Inclusiveness in practice

David Haggerty discusses how he recently won recognition for his work introducing an inclusive pregnancy status form at his trust

Published: 20 December 2022 People

The Mid and South Essex, and Suffolk and North East Essex Allied Health Professionals (AHP) Faculty wanted to celebrate the successful work of AHPs in each system and to showcase our role in improving the integrated care systems according to its four principles:

  • Improving outcomes in population health and healthcare.
  • Tackling inequalities in outcomes, experience and access.
  • Enhancing productivity and value for money.
  • Helping the NHS support broader social and economic development.

They asked staff members to nominate colleagues who went “above and beyond” plus any projects, innovations and service improvements that demonstrated the brilliance of AHPs. 

David Haggerty

David Haggerty

Inclusive pregnancy

I won the Research, Innovation and Public Health category for my efforts instigating an inclusive pregnancy status (IPS) form in our department and trust.

My colleague Tacha Clarke and I had been trying for some time to devise ways to support our trans, non-binary and intersex (TNBI) service users and be more inclusive in terms of pregnancy checking. 

The release of the Society of Radiographers’ recommendations gave us a solid foundation on which to build this project at a local level. The process to get to where we are now has at times been rather combative but the overriding message is one I feel strongly about. 

In 2020, I worked with a local LGBTQIA youth group and challenged the members to design posters to explain to our trans and non-binary service users that pregnancy checking was required. The posters worked well but, ultimately, they did not feel robust enough because they relied on the patients seeing and understanding the message.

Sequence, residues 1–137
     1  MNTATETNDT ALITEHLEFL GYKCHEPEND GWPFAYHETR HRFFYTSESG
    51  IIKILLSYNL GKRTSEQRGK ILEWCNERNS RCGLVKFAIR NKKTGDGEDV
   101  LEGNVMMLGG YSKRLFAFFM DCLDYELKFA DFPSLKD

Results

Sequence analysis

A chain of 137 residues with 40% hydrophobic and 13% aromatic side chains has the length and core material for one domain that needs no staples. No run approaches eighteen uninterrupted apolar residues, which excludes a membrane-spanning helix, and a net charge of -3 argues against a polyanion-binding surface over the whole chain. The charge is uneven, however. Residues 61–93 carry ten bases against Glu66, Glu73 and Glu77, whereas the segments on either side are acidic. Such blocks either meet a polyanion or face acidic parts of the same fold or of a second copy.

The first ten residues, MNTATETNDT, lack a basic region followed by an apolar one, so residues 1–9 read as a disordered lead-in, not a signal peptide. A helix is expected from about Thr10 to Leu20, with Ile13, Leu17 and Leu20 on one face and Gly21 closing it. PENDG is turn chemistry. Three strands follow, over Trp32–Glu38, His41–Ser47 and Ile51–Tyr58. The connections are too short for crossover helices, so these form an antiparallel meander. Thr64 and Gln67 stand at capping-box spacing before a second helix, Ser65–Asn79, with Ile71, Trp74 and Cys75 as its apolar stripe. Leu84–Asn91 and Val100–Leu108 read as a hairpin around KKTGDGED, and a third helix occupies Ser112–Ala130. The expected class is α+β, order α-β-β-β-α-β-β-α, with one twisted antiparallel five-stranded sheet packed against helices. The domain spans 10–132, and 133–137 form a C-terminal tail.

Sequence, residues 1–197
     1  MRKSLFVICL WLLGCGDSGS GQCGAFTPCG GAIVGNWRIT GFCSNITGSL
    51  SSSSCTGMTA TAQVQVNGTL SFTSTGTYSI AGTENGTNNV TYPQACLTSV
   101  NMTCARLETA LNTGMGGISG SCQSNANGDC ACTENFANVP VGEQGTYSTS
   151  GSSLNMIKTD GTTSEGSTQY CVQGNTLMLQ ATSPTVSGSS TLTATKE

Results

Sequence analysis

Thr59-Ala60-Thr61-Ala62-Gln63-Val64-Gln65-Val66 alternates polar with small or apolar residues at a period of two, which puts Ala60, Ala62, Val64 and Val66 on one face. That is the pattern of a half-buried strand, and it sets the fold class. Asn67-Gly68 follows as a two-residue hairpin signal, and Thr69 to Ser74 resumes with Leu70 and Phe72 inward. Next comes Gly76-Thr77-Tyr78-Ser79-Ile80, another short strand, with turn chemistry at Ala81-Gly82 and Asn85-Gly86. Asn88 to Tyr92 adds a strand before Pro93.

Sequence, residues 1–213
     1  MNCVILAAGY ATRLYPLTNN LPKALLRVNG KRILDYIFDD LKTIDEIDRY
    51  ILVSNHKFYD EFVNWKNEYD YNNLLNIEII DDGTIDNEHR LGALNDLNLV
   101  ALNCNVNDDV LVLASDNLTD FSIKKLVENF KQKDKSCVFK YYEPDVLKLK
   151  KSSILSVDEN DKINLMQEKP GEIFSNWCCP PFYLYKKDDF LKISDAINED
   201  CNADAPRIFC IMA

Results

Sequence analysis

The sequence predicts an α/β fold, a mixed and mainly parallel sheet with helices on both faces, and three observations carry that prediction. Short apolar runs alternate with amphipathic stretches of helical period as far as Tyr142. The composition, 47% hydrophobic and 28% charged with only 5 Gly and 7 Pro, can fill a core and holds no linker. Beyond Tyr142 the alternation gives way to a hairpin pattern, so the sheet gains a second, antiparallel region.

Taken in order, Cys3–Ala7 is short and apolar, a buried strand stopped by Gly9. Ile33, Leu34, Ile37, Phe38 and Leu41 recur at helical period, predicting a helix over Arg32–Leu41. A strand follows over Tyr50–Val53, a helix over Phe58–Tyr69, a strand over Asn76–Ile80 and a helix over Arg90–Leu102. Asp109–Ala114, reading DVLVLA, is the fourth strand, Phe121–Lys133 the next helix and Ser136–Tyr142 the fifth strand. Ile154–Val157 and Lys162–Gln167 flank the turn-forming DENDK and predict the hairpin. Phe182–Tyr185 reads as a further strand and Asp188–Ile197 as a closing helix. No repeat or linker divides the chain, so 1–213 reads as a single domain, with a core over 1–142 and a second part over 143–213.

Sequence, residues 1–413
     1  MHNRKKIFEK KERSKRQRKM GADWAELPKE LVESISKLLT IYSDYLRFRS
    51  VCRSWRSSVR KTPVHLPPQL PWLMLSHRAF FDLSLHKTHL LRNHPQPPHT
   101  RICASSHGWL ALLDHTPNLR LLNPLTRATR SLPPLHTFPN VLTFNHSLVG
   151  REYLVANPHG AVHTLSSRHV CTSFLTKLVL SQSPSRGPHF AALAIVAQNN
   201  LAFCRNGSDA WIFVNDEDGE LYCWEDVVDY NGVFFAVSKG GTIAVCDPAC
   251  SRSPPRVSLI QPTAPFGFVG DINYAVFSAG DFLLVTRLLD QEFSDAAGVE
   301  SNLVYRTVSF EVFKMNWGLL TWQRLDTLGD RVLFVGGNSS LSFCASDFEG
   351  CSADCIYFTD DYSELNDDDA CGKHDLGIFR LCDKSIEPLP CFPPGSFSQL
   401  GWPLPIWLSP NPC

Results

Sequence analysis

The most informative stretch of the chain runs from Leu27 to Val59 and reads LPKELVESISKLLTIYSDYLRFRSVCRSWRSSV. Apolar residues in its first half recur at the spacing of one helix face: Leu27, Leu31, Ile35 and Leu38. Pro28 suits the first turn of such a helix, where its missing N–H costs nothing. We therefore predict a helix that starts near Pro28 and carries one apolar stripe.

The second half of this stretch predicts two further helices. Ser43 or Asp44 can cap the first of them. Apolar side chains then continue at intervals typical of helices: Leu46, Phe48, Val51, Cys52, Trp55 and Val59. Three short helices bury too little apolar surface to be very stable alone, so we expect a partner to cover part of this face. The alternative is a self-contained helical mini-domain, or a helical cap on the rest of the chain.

This topic required specific attention and increased urgency because our department had experienced a number of radiation incidents/near misses when trans males were imaged without the necessary pregnancy queries being undertaken. David Haggerty

Sensitive topic

This is understandably a sensitive topic and one with clear legal protection for our TNBI patients. We needed to find a method that adhered to our radiological legislation while complying with equality and diversity legislation. This topic required specific attention and increased urgency because our department had experienced a number of radiation incidents/near misses when trans males were imaged without the necessary pregnancy queries being undertaken. 

This experience is reflected nationally by the Care Quality Commission, whose IR(ME)R annual report 2019/20 documented errors caused by inadequate checks and how IR(ME)R employers must use inclusive language in all procedures. 

Fortunately, none of these patients were pregnant. However, there is still a risk of pregnancy even if cross-sex hormones are being taken and we were remiss for not checking. If an IPS form had been in place, these instances would not have occurred. 

Proud legacy

Sadly Tacha left our department recently but I am proud of the legacy that we began to create together. She will always be credited for this because we worked well as a team. We did not claim to be experts but we read the literature, attended webinars and spoke to the SoR team responsible to educate ourselves. I have continued to forge ahead after we managed to get divisional and Trust approval for our adapted version of the SoR recommendations. The only way this vital update is going to work is through education and support.